"Rebate Free" Holiday from Dell

With the traditional holiday shopping near, we wanted to share some news with you about our plans. We announced today that we’re simplifying the shopping experience by going “rebate free” across Dimension desktops, Inspiron notebooks and all other products and services that carry the Dell name.

We know rebates can be confusing. We used them ourselves for the past four or five years. Even as we improved the redemption process, it became clear to us that customers didn’t want them. It was confusing to figure out the price for a system when comparison shopping—especially when multiple rebates were offered and subject to change from one week to the next. And for many of you they were a hassle to redeem no matter what we did to make it easier.

We’re swimming against the tide this year. We are removing complicated deals, showing transparent and lower list prices across many price points and product platforms. When you open your new Dell computer system and begin using it at home or in your office, there will be no rebate albatrosses in the room with you.

This is the opposite direction we see many retailers and other computer manufacturers headed. The early trend is to lure shoppers in with absolute rock-bottom prices structured in very complicated ways. One “deal” on a desktop was advertised for $99, but it required three rebates including a cell phone service contract. Even then there were limited quantities in stock. Not our idea of a good deal. Read the fine print before you leave the comfort of your home and search for a parking spot.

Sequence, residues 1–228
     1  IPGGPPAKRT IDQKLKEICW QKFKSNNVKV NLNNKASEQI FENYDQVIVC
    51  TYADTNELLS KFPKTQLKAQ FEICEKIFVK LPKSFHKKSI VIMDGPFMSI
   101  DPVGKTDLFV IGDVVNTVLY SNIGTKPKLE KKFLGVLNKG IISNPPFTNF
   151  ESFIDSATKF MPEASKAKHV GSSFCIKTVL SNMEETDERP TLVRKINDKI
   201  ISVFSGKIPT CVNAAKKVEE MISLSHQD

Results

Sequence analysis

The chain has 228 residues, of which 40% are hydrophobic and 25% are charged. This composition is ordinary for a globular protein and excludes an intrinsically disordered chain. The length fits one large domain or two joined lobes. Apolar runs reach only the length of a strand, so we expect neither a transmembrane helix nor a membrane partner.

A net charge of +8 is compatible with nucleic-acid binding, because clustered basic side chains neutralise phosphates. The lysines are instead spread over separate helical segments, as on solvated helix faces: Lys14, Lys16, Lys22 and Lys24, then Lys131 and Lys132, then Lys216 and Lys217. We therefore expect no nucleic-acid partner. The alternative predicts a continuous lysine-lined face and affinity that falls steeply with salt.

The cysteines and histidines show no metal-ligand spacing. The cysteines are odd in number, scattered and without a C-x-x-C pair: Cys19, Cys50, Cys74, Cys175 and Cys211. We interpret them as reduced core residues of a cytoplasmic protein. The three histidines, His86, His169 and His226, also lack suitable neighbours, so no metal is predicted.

You may think we’re hypocritical to point out the complexity of some of the deals. In some cases you are right, that we went down similar paths in the past. I encourage you to move beyond finger-pointing and see what we have to offer. For those of you who follow our business, you will have seen a steady decrease in use of promotions and discounts from dozens per product line to few. Rebate removal is another step. There are more to come—stay with us and stay tuned!

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10 thoughts on “"Rebate Free" Holiday from Dell

  1. Fix the link in your article to “a steady decrease in use of promotions”.  The link is relative and should be absolute.

    I do have a question – one you may not want to answer.  When is the best time to buy a Dell computer during this holiday season?  I don’t care about getting it before Christmas, I just want the best deal.  I’m looking at the E520 or 9200.

    Thanks!  Daniel


  2. The rebate free idea is a great one.  One national retail chain I’m aware of has been moving in this direction as well.  My only concern is that *with* rebates, consumers who really need to, can find excellent and very affordable.. deals, while *without* the rebate schemes (which I hate but occassionally take advantage of), I fear that truly great pricing will slip away over time.

    Dell has tended to lead the pack when it comes to affordability for decent performance. I just hope that once the rebate process is eliminated, we the customers don’t end up losing out on the price breaks that manufacturers often offer through rebates.